The murder of George Floyd by a Minneapolis police officer has enraged the world, and rightly so. Abuse of Black persons by law enforcement is not new, however. It is entrenched. As a reporter early in my career, I saw it firsthand.
That is not to say that all American police officers are guilty of mistreating Black persons. I suspect, and hope, that only a small percentage of law enforcement officers are capable of carrying out racist violence. They must be held accountable. Even better, we need to prevent them from becoming officers of the law.
More common than outright violence, probably, is the subconscious bias that seems quite common among white Americans, some of whom happen to be police officers. In general, there is a lack of understanding among white persons - or perhaps it's denial - of the extent of institutionalized racism and the damage it has done.
When my white ancestors came to America, they were able to "pull themselves up by their bootstraps," but make no mistake, this would have been all but impossible had they been Black. The Black experience is entirely different, and unfortunately, a significant number of white people can't see that. I believe there should be more study in public schools of Jim Crow laws and how they blocked any attempts at progress by Black citizens, and for a very long time. The fact is, no one can pull themselves up by their bootstraps when the path has been blocked every step of the way.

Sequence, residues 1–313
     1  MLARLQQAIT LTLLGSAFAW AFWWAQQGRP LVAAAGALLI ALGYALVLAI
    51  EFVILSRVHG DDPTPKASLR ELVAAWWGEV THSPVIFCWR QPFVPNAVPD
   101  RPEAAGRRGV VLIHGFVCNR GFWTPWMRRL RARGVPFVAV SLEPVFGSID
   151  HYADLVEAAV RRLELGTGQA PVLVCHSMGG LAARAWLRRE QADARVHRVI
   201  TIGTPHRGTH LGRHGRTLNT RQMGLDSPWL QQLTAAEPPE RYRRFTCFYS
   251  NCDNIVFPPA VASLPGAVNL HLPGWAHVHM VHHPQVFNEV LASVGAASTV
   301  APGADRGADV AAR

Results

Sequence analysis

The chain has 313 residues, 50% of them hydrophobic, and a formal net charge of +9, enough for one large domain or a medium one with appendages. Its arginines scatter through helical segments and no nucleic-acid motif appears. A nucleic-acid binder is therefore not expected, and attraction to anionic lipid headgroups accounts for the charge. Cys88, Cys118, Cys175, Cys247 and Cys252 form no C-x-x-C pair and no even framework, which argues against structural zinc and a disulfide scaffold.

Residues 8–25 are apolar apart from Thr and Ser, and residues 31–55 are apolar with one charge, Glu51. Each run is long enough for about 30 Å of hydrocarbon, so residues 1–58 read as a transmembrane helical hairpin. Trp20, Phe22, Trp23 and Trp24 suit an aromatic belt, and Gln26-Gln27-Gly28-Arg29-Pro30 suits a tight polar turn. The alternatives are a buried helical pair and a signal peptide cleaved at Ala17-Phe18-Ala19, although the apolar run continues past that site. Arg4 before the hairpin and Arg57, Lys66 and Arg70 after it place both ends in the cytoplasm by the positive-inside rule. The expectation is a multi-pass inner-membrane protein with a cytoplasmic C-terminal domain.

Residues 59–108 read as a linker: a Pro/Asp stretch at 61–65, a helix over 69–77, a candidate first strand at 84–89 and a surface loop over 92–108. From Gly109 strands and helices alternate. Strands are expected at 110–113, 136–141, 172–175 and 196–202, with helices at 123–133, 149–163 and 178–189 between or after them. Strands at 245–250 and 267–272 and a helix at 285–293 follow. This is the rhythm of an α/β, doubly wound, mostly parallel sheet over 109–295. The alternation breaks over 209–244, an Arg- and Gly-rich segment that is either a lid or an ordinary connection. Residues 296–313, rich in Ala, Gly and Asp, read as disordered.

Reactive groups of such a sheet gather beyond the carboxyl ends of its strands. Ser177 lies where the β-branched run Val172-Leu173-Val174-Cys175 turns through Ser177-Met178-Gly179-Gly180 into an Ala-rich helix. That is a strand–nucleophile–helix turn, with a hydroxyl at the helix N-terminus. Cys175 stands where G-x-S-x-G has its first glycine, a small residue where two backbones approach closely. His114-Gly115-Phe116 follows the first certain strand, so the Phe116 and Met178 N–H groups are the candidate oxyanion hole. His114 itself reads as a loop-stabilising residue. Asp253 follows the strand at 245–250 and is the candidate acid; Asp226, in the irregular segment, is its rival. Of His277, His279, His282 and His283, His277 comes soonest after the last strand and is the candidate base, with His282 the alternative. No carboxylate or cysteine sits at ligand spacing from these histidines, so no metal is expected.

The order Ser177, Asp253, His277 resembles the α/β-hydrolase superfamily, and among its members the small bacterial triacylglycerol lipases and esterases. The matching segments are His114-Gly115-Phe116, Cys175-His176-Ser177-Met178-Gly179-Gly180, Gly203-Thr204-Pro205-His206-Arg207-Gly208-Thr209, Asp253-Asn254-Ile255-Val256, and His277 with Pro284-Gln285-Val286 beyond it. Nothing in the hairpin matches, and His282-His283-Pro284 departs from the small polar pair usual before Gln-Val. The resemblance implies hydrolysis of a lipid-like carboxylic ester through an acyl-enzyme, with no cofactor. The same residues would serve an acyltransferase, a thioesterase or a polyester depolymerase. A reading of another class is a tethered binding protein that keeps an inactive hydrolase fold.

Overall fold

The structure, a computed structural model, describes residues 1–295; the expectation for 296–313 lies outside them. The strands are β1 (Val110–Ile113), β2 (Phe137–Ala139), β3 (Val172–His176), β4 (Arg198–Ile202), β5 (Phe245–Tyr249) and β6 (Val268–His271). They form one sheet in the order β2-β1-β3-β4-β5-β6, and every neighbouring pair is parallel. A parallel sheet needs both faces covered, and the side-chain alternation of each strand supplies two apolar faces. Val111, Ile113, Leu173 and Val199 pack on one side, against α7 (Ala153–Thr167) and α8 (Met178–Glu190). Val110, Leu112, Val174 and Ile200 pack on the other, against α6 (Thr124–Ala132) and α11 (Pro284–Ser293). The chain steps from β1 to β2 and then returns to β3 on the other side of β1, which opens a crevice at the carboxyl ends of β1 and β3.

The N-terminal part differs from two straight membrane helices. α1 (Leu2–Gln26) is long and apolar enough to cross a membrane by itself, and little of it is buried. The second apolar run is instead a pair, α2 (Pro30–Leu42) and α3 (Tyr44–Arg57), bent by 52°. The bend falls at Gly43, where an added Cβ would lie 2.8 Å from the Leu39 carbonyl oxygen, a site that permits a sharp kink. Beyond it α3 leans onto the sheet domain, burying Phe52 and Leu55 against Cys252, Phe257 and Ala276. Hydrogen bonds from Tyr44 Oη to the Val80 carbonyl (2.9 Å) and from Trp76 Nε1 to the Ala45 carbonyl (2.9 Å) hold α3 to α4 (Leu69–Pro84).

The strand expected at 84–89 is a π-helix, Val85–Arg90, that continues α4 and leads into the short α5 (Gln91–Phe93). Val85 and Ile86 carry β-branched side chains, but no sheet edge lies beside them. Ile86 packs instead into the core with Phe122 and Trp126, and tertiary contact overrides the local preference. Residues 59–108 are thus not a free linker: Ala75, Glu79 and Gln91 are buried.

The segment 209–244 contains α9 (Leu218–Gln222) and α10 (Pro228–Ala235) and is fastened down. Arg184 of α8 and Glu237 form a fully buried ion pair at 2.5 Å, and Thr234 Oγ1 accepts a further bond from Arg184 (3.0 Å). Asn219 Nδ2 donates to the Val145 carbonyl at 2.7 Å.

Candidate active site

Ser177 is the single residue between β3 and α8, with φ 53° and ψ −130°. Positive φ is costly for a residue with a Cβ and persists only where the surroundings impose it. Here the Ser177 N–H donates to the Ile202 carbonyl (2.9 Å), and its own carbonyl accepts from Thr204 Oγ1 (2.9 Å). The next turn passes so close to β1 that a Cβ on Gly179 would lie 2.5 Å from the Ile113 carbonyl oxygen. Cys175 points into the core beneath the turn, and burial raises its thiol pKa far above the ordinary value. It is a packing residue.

Again, referring to my own ancestors, upon their arrival in America, they were in a position, as white people, to make rapid progress, which they did. That is not to say it was easy. They worked extremely hard, saved, and sacrificed. But they were free to try.